As Spotify continues its reign as the world’s biggest consumer music streaming business, a startup from its backyard in Stockholm (and even backed by Spotify itself) has raised a large growth round to take a leading place in providing music streaming services to businesses.
Soundtrack Your Brand, started by an ex-Spotify executive and one of the co-founders of Beats (now part of Apple), has raised $22 million — funding that it will be using to expand its business globally and continue building out its tech to select and play music in stores and other retail locations. The company already counts McDonald’s, TAG Heuer and Toni & Guy among its multinational customers, along with “thousands” of smaller businesses (which include national operations for huge chains, such as Starbucks in Sweden). It is also the operator of Spotify Business — which is powered by Spotify’s network — in Sweden, Norway and Finland.
This latest round is led by Balderton Capital and Sweden’s Industrifonden, and it brings the total raised by Soundtrack Your Brand to about $40 million. Other investors in this Series C include Telia, Northzone, Creandum, the H&M’s family investment fund HMP, industry veteran Jörg Mohaupt and Spotify’s Chief Content Officer Stefan Blom. Previous investors not in this round include two strategics — Spotify itself and PlayNetwork — as well as Wellington. (Soundtrack Your Brand, based in Stockholm, shares many common investors with Stockholm’s Spotify.)
Soundtrack Your Brand was first founded in 2014 by Andreas Liffgarden (who used to run Spotify’s business development) and Ole Sars (the co-founder of Beats), aiming fill a specific place in the market: businesses today are often faced with a limited, uninspiring, or potentially illegal set of choices if they want to play music.
Most commonly, businesses will use their own sets of CDs and mix tapes, or subscribe to services that send these to them, which can be a chore and cost to keep refreshed; or they will play the radio. And, if they are using a streaming service like Spotify, they are likely breaking the law, since these services are only licensed for non-commercial, individual usage.
Although it’s a gap in the market, that doesn’t mean there aren’t others also trying to fill it: competitors include Mood Media (owner of Muzak, and partner to Pandora for its business offering in the US), Play Network (the same one investing in the startup), and local players like ImageSound in the UK.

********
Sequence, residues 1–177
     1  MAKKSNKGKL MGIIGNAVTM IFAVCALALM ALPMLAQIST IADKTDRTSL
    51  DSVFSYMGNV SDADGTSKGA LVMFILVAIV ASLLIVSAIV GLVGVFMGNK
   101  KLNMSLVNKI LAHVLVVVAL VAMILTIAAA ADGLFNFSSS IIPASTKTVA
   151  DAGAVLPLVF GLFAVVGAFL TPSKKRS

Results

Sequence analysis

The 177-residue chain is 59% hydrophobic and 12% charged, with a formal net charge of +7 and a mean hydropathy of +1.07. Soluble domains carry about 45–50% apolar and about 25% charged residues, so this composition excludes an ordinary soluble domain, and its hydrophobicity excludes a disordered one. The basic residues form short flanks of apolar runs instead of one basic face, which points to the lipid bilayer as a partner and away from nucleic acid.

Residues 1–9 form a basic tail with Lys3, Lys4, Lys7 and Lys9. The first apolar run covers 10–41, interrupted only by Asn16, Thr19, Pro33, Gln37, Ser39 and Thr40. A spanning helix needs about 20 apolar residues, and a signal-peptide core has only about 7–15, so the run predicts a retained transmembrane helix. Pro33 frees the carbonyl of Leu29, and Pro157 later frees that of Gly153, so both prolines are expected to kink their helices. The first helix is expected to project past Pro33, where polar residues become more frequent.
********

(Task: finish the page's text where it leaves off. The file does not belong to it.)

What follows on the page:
Soundtrack Your Brand, Liffgarden and Sars say, is differentiating themselves in the market in a few ways.
The first is that it’s offering a very simple way to sign up and use the service without any additional physical hardware beyond a store’s speaker system and internet connection. It charges €34.99 ($37) per location per month.
The second is in the selection of music that it’s providing, and it’s plans on that front in the future. Several consumer streaming companies have coalesced around a figure of about 30 million music tracks available for listening, out of a global total of about 50-60 million tracks in existence. But that is not the whole story.
Liffgarden notes that at best most streaming services see the most heavy play on their platforms of only “a couple of million” tracks. “Last year we played 200,000 unique tracks on our service, and our competitors played roughly the same amount,” he said. Today SYB’s competitors have libraries of about 1 million songs that they are tapping for their services, and SYB itself is working with platforms like Spotify and Play Network to relicense roughly the same amount of music for the SYB service.
But longer term, the plan is for SYB to move to its own direct licensing deals with labels. Licensing has proven to be a major headache for companies like Spotify, which is trying to renegotiate its own terms in order to get a bigger margin for this. Liffgarden and Sars say that their scenario is different because SYB is an enterprise service. As a more narrow use case, it will only license around 15 million tracks at the end of the day. This will give it a significant edge over competitors in terms of the quality it can provide. And the fact that it is charging more per user to play the music will also mean a higher margin for SYB.
The third area where SYB is hoping to outcompete is in terms of what it’s actually providing to customers as a service. There is, of course, straight playlists that SYB will curate for its customers, as well as give retail workers the ability to play music on demand. But it is also powering its system with big data and analytics that will help improve the selection of music, aimed at helping retailers figure out how to better boost its sales, bring in more customers, and keep them longer (or perhaps subtly usher them out faster).
This is not just about music, Sars said. “This is about moving into retail tech and the bigger move to digitize businesses.”
As part of this round, Balderton’s Lars Fjeldsoe-Nielsen, previously head of mobile at both Uber and Dropbox, will be joining the startup’s board.
“I’ve witnessed disruption first hand. Dropbox made storage cool, and achieved a shift from a consumer to a business proposition. Uber changed the way we think of transportation. Soundtrack Your Brand will do the same thing to background music,” he said in a statement.